The former prison employee who provided the tools that two murderers used to cut their way out of a maximum-security facility in northern New York will pay the state nearly $80,000 to cover the costs of repairing the damage caused during the daring breakout.
A prosecutor said during Joyce Mitchell's restitution hearing on Friday that she will pay $79,841, plus a 10 percent surcharge, for the damage Richard Matt and David Sweat caused by using hacksaw blades and other tools she provided to break out of Clinton Correctional Facility in June.
Clinton County Assistant District Attorney Nicholas Evanovich said that amount represents the cost of repairs to the cell walls the two men cut through, the interior brick walls they damaged and the steam pipe they cut open to gain access to a street outside the prison in the early morning hours of June 6. Evanovich said the total repair costs came in under the state's initial estimate of $120,000.
The 51-year-old Mitchell, who worked as an instructor in the prison's tailor shop, pleaded guilty in September to charges related to the escape and was sentenced to 2 1/3 to seven years in prison.
Mitchell admitted smuggling hacksaw blades and other tools to Matt and Sweat, convicted killers who lived in adjacent cells at the prison in Dannemora, near the Canadian border. She later said she was depressed at the time and Matt took advantage of her mental state to get her to bring them the tools and other contraband.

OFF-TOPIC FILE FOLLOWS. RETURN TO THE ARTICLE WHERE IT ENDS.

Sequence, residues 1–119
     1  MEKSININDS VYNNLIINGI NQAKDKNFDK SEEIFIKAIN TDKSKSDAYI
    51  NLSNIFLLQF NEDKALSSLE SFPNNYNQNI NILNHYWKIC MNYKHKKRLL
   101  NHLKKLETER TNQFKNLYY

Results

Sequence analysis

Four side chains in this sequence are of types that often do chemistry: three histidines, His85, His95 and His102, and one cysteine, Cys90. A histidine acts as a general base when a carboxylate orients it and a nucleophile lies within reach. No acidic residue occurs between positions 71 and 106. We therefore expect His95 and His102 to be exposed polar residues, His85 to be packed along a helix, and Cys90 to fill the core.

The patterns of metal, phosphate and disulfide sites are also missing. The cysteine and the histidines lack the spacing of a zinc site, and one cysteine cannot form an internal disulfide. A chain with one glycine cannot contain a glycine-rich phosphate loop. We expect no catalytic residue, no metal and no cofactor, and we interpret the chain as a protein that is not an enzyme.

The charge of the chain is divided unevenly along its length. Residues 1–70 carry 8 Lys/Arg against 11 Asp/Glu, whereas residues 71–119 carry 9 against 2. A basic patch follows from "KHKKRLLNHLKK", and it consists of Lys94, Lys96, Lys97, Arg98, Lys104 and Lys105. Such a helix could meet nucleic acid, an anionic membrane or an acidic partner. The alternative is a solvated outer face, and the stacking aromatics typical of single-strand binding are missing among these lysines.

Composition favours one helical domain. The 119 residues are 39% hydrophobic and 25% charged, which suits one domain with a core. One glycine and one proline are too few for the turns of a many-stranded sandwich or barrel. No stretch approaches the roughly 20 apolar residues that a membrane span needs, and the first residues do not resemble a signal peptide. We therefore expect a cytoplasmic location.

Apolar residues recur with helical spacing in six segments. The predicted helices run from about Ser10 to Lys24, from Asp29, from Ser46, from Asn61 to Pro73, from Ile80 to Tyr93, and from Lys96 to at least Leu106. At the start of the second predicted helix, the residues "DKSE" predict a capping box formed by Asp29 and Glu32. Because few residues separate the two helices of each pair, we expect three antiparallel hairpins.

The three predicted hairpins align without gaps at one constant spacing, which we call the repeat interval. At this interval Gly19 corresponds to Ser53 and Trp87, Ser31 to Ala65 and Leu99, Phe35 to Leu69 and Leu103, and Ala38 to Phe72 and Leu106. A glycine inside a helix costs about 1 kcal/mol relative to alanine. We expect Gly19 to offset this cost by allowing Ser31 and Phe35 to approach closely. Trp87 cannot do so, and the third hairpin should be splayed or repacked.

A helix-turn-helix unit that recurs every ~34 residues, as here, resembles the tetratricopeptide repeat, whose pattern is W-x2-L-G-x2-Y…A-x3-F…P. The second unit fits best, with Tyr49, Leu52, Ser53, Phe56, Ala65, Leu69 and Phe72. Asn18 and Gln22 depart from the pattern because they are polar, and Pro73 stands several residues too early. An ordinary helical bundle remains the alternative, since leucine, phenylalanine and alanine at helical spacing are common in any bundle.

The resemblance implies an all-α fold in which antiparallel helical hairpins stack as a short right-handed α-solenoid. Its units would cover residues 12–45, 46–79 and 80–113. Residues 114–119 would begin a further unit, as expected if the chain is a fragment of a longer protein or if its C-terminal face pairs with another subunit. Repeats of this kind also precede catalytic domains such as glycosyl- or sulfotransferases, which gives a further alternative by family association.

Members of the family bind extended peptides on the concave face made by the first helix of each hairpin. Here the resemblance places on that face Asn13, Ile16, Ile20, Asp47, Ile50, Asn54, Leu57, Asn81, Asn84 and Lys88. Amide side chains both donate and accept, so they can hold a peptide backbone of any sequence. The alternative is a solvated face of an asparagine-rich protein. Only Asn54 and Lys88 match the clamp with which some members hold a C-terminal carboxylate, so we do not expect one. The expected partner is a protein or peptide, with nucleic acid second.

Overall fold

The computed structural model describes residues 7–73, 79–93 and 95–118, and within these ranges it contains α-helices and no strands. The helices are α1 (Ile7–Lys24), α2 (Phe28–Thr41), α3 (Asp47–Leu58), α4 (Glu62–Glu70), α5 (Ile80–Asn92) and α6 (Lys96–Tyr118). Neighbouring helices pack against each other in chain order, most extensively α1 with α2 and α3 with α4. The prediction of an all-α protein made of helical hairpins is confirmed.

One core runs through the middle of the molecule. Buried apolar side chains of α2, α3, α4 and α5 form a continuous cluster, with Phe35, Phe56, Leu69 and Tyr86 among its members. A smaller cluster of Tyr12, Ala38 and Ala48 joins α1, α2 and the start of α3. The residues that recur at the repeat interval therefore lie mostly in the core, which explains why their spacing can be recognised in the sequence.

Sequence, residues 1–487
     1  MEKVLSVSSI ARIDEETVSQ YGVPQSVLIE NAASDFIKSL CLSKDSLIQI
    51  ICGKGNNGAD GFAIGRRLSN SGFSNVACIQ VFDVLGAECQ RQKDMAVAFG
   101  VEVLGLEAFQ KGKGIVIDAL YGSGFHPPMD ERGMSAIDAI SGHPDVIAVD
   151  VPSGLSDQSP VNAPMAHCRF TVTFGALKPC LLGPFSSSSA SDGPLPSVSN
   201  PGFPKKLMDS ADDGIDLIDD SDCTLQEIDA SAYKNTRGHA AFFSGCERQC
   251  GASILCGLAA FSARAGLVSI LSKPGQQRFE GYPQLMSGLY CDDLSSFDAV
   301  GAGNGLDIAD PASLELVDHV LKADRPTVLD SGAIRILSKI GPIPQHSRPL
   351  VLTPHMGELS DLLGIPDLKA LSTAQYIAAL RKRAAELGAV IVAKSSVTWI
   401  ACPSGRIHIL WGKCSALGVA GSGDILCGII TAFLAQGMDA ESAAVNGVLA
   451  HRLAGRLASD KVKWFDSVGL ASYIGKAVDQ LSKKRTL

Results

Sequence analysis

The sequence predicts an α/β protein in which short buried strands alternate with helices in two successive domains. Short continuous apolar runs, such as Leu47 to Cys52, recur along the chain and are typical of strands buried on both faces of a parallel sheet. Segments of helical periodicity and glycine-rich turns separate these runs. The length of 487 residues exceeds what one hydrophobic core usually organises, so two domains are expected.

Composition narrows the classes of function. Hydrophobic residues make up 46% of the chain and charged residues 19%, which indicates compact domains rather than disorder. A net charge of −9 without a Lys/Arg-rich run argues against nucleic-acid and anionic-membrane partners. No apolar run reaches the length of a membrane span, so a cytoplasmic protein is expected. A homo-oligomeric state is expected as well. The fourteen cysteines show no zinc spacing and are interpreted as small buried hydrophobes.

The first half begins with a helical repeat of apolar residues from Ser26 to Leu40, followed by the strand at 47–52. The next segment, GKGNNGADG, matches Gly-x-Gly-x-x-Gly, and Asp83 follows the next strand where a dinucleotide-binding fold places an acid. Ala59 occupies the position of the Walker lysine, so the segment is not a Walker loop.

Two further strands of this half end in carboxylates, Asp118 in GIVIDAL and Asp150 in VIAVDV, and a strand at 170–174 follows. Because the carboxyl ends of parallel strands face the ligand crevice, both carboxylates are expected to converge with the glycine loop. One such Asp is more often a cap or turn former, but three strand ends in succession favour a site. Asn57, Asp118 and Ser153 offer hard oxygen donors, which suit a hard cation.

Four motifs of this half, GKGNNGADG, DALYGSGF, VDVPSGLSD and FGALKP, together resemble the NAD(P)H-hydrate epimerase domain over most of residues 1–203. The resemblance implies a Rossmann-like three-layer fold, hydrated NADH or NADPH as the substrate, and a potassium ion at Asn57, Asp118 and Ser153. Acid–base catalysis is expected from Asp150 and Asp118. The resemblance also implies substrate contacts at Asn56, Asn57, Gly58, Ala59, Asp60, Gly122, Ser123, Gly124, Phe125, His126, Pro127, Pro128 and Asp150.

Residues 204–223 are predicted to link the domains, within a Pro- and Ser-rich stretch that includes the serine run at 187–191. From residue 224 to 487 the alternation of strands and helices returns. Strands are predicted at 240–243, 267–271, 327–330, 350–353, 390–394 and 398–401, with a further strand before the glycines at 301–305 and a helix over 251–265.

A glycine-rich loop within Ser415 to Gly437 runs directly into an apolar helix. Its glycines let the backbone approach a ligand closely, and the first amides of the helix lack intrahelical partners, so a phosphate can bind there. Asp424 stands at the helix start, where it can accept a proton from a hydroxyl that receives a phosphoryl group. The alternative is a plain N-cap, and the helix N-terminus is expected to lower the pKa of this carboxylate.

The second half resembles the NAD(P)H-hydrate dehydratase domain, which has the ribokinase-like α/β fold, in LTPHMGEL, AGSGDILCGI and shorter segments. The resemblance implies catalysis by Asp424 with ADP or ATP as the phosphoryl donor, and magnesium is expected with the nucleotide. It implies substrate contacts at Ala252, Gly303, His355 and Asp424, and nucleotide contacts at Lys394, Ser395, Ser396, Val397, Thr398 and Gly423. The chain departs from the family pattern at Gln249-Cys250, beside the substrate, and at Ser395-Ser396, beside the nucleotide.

Mitchell was supposed to pick up the prisoners in her vehicle after they escaped, but she suffered a panic attack and was taken to the hospital by her husband, Lyle, who also worked at the prison. State records show the couple had a combined income of about $115,000 in 2014.
After a three-week manhunt involving more than 1,000 law enforcement officers, Matt was shot dead in woods about 30 miles northwest of the prison. Sweat was shot and wounded two days later.
During the brief court appearance Friday, Clinton County Court Judge said: "I do believe this now brings to an end a difficult time for our community."
Mitchell, who was shackled at the wrist and ankles, did not say anything during the hearing. Her husband sat nearby, but they did not speak to each other. She was immediately taken out of court by officers for the 240-mile ride back to the women's prison in Westchester County where she had been held since being sentenced.
Her attorney, Stephen Johnston, said there's no timetable for when she has to repay the state. When asked about Mitchell's state of mind, Johnson said, "She wants to be home."